Enlarged Jerusalem Budget Gives Little to Local Arabs

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The East Jerusalem neighborhood of Silwan.
The East Jerusalem neighborhood of Silwan. Credit: Olivier Fitoussi

The Jerusalem municipality approved an enlarged budget on Wednesday, after a lengthy conflict with the government that had led to a shutdown of city services. There was no increase, however, in several budget items aimed at closing gaps between Arab East Jerusalem and the Jewish west side.

Two weeks ago, the city and the government came to an agreement on increased funding to the city by 700 million shekels ($190 million), which Mayor Nir Barkat portrayed as a victory over the treasury. The treasury, however, claims that the final increase was not that far from what had been offered the city before the shutdown of services, and that most of the increase was at the expense of other government ministries. The total budget approved by the city’s Finance Committee was 7.3 billion shekels.

The city stressed the enhanced budgets for improving the city’s appearance (66 million shekels) education (124 million shekels) and planning and urban renewal (323 million shekels).

But the opposition parties stressed other items. For example, the budget for planning in the Palestinian neighborhoods of Isawiya and Ras al-Amud, some 300,000 shekels, was canceled. This means yet another delay in drawing up a master plan for these neighborhoods, which would help counter the illegal construction and demolitions there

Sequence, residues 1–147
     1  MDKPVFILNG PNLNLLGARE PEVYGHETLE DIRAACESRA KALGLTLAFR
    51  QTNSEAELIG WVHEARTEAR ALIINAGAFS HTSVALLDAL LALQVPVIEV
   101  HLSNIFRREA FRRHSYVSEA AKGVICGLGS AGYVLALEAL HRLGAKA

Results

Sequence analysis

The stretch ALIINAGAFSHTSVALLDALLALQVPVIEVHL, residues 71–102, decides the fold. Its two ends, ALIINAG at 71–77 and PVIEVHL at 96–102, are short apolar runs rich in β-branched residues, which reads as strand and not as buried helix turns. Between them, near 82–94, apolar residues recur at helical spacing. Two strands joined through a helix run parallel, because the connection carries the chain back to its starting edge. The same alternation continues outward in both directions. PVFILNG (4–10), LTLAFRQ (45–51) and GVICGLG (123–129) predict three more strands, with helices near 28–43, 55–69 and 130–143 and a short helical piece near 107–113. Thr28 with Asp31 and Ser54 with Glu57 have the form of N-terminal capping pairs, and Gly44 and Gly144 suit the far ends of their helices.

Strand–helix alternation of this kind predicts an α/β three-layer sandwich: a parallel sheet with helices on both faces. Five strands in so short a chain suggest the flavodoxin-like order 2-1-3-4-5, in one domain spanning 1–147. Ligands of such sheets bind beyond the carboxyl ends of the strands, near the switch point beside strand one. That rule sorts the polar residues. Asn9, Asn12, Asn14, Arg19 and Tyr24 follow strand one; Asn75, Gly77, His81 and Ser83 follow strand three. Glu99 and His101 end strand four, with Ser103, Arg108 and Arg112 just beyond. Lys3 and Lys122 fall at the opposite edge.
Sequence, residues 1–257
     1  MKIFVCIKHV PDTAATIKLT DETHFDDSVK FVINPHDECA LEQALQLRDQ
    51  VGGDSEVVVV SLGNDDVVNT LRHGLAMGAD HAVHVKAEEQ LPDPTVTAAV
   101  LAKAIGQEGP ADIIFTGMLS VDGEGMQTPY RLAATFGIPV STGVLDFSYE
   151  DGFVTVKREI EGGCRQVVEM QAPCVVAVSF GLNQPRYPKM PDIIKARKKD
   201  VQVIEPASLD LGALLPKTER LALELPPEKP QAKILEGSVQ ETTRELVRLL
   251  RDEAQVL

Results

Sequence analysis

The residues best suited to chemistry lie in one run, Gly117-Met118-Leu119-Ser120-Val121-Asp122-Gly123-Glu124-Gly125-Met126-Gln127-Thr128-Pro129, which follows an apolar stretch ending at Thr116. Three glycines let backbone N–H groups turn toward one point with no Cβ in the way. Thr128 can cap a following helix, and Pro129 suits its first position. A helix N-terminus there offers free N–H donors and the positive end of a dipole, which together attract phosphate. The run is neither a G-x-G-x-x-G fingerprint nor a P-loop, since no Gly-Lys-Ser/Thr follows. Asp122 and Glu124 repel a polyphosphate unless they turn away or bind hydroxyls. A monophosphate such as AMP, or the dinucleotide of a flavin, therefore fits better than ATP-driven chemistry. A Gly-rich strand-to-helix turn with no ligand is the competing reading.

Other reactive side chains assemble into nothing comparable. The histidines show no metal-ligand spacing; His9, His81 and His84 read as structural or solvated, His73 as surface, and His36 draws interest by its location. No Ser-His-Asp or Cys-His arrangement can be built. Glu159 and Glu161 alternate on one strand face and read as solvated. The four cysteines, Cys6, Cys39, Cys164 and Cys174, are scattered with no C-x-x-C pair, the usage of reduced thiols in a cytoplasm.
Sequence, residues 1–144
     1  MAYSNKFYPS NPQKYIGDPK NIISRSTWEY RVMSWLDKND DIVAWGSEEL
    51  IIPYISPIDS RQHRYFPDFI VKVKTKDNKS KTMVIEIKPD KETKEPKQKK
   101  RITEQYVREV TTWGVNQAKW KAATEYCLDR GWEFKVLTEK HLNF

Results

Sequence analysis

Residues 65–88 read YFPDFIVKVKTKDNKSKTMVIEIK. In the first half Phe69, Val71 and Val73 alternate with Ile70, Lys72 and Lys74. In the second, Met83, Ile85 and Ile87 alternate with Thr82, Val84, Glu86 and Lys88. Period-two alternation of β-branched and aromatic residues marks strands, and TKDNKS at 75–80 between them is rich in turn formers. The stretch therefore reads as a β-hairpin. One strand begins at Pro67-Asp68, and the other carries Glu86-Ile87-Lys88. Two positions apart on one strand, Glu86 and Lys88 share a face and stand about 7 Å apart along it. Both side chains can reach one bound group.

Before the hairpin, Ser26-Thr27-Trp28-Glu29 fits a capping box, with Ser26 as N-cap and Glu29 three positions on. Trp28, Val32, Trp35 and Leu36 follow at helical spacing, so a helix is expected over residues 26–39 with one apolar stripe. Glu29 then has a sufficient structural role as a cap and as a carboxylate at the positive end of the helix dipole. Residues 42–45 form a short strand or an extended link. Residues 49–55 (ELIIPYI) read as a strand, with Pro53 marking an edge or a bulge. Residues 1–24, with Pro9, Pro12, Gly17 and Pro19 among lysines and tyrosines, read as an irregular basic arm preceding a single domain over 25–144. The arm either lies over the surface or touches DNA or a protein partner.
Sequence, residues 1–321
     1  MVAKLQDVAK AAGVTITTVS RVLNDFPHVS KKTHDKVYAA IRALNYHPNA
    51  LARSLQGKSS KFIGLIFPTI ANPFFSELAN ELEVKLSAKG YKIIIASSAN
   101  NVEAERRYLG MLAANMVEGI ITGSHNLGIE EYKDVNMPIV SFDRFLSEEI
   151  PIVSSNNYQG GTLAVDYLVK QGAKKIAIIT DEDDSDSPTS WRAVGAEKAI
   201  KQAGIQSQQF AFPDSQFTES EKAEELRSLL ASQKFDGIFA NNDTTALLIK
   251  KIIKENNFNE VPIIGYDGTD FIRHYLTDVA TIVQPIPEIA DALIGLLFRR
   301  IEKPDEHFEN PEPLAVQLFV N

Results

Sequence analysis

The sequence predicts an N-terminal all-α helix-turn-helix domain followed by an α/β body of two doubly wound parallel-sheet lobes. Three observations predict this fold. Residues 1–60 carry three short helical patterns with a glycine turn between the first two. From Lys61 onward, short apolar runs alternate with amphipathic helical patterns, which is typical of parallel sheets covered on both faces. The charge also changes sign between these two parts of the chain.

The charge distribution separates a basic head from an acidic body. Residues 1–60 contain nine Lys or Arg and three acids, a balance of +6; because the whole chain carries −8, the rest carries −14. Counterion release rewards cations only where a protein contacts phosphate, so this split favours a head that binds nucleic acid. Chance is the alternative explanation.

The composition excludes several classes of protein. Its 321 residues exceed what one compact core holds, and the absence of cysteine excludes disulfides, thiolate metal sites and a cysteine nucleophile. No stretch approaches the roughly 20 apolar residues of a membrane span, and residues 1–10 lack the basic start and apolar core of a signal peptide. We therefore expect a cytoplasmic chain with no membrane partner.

The budget does, however, include funding for building plans in the area of Arab a-Sawahra.

The education budget for East Jerusalem (the Arab Education branch), 18 million shekels, is still much smaller than the budget for state education (54 million) and ultra-Orthodox education (37.4 million). The budget holds no great news for classroom construction in East Jerusalem, which is an acute problem. Only 1.5 million shekels was allocated for the Arab sector, compared to 9.5 million shekels for the state sector and 21 million shekels for Haredi schools.

“The minimum we could have expected was that the Jerusalem municipality would approve plans for Palestinian neighborhoods to give residents some hope that someday they’d be able to get building permits and live without fear of bulldozers destroying their homes,” said Meretz City Councilor Laura Wharton. “The worst disdain is for the younger generation. The city executive today approved investing five times more for Israeli children than for Palestinian children. How can we not look like occupiers? What kind of neighbors are we?”

The municipality responded, “We regret that Haaretz is searching high and low for those few clauses in which there was supposedly a decrease, and ignores a budget of 7 billion from which all the residents of the city and the eastern part of the city benefit, which includes advances in infrastructure, culture, education, sanitation, playgrounds, welfare and more.

“The new budget brings good news for the Arab sector, like a substantial rise in the budget for sanitation, a significant rise in the budget for renting school buildings, [and] a broadening of the plan to prevent school dropouts,” the city maintained. East Jerusalem is also getting more funding for public parks, road paving, a pool in Beit Hanina and a plan to increase employment, said the municipality.

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